Escaping pins is never easy: if you get pinned in a match, then chances are that your opponent is either pretty good (relative to you) or that you are tired. Either way, escaping pins is almost always difficult and tiring, but a few simple principles can make it a little easier.
What I want to talk about today is fact that most pin escapes rely on the same three motions, either alone or in combination. These motions are:
- Lateral hip movement (shrimping)
- Turning onto one’s knees
For an example, let’s suppose that you are pinned in sidemount. Putting your opponent back into your guard using lateral hip movement is an example of the first escape method. Bridging your opponent over so that you are on top and he is on bottom is an example of the second method. In the third method you turn into the turtle position underneath him (obviously you still have to know what to do from this position too).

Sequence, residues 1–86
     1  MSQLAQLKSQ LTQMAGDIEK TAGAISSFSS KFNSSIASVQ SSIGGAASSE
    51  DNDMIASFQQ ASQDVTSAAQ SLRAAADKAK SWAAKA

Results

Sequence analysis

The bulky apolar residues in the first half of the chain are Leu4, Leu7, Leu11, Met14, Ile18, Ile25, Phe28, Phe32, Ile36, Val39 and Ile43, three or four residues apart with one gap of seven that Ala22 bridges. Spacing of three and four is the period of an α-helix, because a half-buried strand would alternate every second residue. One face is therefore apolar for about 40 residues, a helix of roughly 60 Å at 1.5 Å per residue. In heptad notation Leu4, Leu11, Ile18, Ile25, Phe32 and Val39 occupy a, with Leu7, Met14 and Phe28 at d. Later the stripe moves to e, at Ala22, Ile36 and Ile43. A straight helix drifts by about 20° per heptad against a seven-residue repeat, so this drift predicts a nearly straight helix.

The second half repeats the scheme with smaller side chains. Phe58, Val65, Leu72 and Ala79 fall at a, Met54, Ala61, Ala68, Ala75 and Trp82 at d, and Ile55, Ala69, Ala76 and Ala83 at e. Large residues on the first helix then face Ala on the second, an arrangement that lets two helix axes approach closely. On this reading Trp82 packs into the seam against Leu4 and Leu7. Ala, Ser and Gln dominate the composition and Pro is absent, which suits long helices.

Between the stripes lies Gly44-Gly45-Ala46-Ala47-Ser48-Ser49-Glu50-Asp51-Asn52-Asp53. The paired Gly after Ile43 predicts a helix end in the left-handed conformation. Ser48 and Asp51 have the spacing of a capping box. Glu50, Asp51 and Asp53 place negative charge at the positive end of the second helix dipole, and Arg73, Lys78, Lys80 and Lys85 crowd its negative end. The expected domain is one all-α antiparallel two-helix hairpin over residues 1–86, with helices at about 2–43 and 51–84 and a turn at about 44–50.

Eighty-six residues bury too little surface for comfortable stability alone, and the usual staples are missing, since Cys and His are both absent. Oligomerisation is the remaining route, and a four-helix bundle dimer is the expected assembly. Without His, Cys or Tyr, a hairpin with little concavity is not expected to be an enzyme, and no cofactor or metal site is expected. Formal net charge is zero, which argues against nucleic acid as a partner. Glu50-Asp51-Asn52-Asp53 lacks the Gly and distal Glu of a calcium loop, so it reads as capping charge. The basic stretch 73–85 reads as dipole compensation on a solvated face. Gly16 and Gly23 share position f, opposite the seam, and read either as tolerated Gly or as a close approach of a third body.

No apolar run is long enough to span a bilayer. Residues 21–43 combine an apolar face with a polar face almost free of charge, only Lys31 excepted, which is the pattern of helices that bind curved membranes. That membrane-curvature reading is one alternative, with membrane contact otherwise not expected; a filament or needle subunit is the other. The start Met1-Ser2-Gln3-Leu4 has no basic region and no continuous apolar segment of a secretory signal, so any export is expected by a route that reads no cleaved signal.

Usually you only see one of the three methods employed if both grapplers are beginner level, or if there is a big skill discrepancy between the two grapplers in question. At higher skill levels, however, escapes have to be set up, and it becomes important to use the three methods in combination. For example, you might create some space by bridging, then try to put your opponent back in your guard, and finally escape by turning onto your knees as he reacts to the previous motion(s).
Obviously there are other escape methods, but I bet that 80 to 90% of all pin escapes in sparring and competition fit into these three categories. For your ‘homework’ try thinking about the pin escapes you use most often and try to figure out if/how they fit into these categories.